Wednesday, June 29, 2022
By Jennifer Keefe
For some, criminal justice might seem cut and dry, right and wrong, but for Professor of Criminal Justice Technology Susan Yawn, criminal justice is a conversation. Susan uses a variety of techniques to encourage her students to actively take part in class, from interactive lectures to giving students terms to look up and use during class.
“There is a lot of back and forth in my lectures and that keeps students engaged. I am constantly injecting questions into lecture material,” she says.
Susan also relies upon current events to keep her classes relevant.
“Sharing current events, and there are many in criminal justice, gives students a look into the real world of policing, corrections and the courts. It seems I am constantly adding new material to a module when something happens in the world of criminal justice, whether it be at the local, state or federal levels,” she explains.
Susan embraces the cultural diversity of her students and uses videos and assignments that reflect that diversity in all of her classes.
She also relies upon unique assignments and discussion topics and offers a lot of feedback on student work.
“Students love to hear about their work. I compliment them when they engage in online discussions and you can just tell they did so much more than they were asked to do,” she says.
Susan also enjoys getting a little feedback from her classes.
“When a student comments, ‘I really liked this assignment…’ that means a lot to me.”
She also assigns presentations to students in her face-to-face classes, even if they don’t like public speaking.
“Encouraging some students to make presentations can be challenging, but if they are looking for a career in criminal justice, communication skills are paramount, so I try to ease them into speaking to classmates,” she says.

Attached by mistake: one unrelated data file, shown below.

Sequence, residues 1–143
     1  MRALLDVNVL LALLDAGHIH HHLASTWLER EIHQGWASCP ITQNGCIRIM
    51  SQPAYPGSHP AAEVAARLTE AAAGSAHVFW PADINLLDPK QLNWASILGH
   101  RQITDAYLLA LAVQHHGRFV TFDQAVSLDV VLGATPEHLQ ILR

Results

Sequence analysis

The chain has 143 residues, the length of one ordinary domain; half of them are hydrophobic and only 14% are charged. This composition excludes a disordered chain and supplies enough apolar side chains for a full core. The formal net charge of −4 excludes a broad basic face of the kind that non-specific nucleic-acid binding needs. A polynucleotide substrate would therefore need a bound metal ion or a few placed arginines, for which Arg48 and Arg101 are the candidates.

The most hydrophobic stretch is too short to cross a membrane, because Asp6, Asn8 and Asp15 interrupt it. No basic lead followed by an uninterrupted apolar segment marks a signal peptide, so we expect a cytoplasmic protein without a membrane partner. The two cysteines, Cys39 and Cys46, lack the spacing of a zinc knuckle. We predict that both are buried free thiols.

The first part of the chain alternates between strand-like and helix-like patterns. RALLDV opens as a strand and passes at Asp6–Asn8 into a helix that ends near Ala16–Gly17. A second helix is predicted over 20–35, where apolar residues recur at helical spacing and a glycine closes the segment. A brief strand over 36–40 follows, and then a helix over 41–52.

Scenario-based learning is also a huge part of Susan’s teaching arsenal, but for students in her criminal law and report writing classes, she’s not the one setting the scene. In those classes, Susan has her students create the scenarios that show they understand the material they are learning.
Susan earned her tenure at the College in spring 2022. Her action research project centered on improving student ability to identify and define the two main elements of a crime.
“For students who may ultimately work in policing, corrections or law, it is imperative that they be able to explain both the criminal act and the criminal intent defined in a criminal statute,” Susan explains. “This isn’t as easy as it may sound, and students were struggling with this.”
Her project focused on creating a module with multiple activities and assessments that helped students improve their identification and explanation of the key elements of a crime.
“Susan says that her students who go on to work in the law enforcement professions will have to create reports sufficient for a prosecutor to build and prosecute a criminal case. That’s why they must comprehend the basics of criminal law, report writing, the criminal statutes and the elements of crimes.”
As for a teaching philosophy, Susan credits her more than 460 hours of Valencia College professional development classes with helping her shape her thoughts on teaching and learning. She views her role in the classroom as initiator, facilitator, guide and helper. One of the ways she helps her students is by scheduling conferences with them as soon as she recognizes there is an issue with their performance in the class.
“I have found that we cannot rely on the student to contact faculty first. Some will not do that and end up dropping out of the class. So, early conferencing has saved a few students from failure,” she explains.
Susan started teaching part-time at Valencia in 2000 while she was working full-time for the State of Florida Department of Corrections. After working in probation and parole for 35 years, she “retired” and applied for a full-time teaching position at the College in 2017.
Even with all of her experience, she still sees her teaching as a work in progress.
“I still experiment with different teaching strategies, and I’ve never been afraid to try something new,” she says.
Do you know a faculty member doing great work? Or, perhaps you’d like to share the work you’re doing? Send the colleague’s (or your) name to us at The_Grove@valenciacollege.edu and include Faculty Highlight Nomination in the subject line of your email. We might just feature your colleague (or you) as an upcoming Faculty Highlight.